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A. Nony Mouse
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Re: how hard is it to become an ALJ?

Postby A. Nony Mouse » Sat May 02, 2015 12:52 pm

Anonymous User wrote:
A. Nony Mouse wrote:I know someone who worked as a state ALJ after working in biglaw for ~5? years - she may have done something in between for a couple of years, I can't remember. But I doubt state gigs pay as well, and she left it for a career clerk gig.

I worked at for a state ALJ my 1L summer. They required at LEAST six years of experience, and the most recent hire was from local biglaw. It paid ~90k/yr.

If you liked the practice area (I think the person I knew did worker's comp), that would probably be a decent gig - not biglaw money, obviously, but decent money for state government, and work/life balance could be really great. You might get really sick of slackers trying to get money they don't deserve/employers or the state trying to get out of paying money they should, though.

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banjo
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Re: how hard is it to become an ALJ?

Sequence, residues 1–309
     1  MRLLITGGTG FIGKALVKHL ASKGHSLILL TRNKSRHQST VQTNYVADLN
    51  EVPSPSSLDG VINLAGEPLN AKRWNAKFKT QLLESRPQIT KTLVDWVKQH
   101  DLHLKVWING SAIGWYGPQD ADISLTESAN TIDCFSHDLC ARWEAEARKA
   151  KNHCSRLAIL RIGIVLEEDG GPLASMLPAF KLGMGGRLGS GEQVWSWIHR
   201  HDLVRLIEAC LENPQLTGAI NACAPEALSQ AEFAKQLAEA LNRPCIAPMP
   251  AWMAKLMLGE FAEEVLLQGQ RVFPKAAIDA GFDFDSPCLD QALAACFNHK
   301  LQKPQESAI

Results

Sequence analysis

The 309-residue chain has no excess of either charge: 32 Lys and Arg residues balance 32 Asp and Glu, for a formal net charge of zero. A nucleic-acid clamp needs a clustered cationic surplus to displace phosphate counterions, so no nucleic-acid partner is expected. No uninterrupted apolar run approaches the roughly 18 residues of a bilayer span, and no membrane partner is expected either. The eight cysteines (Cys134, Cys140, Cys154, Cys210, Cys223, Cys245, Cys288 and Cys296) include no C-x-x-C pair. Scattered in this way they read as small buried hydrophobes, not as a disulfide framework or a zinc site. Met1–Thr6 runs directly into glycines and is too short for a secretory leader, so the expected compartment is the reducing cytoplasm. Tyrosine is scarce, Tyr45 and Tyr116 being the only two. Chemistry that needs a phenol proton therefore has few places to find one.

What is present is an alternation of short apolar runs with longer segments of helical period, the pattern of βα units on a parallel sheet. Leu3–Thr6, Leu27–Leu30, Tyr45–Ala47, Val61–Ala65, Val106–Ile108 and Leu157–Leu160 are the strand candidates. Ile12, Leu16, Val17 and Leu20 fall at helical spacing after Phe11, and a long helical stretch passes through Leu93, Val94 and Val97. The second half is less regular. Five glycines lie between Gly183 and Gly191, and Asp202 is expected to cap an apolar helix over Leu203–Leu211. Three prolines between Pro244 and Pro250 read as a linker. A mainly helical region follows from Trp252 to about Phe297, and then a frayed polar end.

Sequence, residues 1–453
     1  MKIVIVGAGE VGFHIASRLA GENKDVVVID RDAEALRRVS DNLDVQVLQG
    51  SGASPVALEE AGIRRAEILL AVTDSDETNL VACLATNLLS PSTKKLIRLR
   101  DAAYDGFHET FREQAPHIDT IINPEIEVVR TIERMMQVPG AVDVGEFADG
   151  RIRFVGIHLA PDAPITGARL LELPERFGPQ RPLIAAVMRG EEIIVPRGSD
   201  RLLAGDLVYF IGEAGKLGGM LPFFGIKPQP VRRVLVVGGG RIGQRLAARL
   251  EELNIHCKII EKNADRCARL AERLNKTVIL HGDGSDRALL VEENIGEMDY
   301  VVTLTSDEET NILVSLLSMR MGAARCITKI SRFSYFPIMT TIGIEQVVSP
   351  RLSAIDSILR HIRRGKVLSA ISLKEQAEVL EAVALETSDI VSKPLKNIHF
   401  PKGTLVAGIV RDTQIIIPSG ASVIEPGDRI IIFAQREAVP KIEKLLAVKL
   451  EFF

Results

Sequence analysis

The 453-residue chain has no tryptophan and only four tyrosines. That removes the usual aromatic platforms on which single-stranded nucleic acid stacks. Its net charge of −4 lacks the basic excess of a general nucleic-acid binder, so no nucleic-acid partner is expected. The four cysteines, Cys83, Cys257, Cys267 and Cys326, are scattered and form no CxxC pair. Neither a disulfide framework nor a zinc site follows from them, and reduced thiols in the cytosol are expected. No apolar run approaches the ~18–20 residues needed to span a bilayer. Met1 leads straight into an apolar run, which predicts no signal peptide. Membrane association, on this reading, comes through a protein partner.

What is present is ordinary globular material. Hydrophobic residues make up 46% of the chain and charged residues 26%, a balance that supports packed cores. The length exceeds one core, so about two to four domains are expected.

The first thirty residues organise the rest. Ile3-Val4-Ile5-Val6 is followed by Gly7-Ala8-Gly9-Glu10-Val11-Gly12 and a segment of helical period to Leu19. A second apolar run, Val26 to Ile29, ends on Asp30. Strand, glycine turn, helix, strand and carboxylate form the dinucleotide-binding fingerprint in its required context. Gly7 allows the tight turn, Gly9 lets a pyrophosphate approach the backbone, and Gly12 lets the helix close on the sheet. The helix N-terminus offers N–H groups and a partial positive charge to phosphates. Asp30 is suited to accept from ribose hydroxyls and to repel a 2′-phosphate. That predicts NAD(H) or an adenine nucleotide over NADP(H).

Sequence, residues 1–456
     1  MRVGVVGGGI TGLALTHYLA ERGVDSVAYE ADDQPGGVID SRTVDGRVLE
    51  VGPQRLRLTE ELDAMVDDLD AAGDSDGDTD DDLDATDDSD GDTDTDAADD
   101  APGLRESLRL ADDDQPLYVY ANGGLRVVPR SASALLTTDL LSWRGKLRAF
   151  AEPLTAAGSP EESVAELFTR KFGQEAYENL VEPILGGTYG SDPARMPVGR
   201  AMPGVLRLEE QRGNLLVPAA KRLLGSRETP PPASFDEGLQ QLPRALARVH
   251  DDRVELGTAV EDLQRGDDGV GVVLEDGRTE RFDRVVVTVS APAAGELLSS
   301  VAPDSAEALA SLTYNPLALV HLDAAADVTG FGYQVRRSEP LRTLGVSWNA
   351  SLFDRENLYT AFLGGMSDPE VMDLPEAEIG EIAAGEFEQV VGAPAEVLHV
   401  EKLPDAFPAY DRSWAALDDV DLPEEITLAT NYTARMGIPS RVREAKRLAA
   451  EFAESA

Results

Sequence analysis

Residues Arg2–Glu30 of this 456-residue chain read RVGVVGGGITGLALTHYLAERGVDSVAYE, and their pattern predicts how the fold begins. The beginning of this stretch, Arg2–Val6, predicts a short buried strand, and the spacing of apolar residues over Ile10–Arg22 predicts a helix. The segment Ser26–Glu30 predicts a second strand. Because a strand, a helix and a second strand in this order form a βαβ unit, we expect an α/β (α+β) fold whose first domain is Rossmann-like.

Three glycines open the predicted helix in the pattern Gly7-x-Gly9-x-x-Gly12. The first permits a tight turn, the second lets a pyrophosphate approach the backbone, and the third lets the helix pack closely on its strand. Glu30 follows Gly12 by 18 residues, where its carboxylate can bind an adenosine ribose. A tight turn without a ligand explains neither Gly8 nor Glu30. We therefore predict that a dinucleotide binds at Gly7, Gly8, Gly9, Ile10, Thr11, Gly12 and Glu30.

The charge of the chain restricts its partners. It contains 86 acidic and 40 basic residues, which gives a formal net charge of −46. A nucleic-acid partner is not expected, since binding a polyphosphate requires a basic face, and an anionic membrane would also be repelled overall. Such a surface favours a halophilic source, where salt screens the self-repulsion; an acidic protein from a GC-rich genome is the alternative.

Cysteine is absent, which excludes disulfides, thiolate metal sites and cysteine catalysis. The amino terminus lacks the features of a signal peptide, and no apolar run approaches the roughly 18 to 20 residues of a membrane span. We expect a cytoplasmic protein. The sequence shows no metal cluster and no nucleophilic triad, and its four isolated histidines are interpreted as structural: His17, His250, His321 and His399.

Postby banjo » Sat May 02, 2015 1:14 pm

There was a poster here who got a state ALJ gig after law school, but he had extensive internship/externship experience: viewtopic.php?f=23&t=237527.

toolfan wrote:I think the Board interviewed roughly 30 candidates for the position. Fortunately they hired two of us. The position pays 60k with good benefits, and I get the sense that the office opens at 9 and closes by 5.

My background really helped me land the interview, and I think my personality took it from there. Graduated from a midwestern T2 and really honed in on L&E during school. Clerked for 3 years at a law firm during school and acquired a lot of skills and experience (tons of research and writing, and developed a professional tone etc). Wasn't law review or moot court, but I did write for and edit a L&E trade journal. Participated in an arbitration competition. Won a few L&E related scholarships. And ensured my resume aligned with the job (predominately public sector labor law and general employment law - which is a huge area of interest for me).

I think they liked me mostly because I am more of a subject matter expert in L&E than the average attorney, and they think I possess the right demeanor to conduct a hearing (utilizing civ pro, evidence, and taming opposing counsel).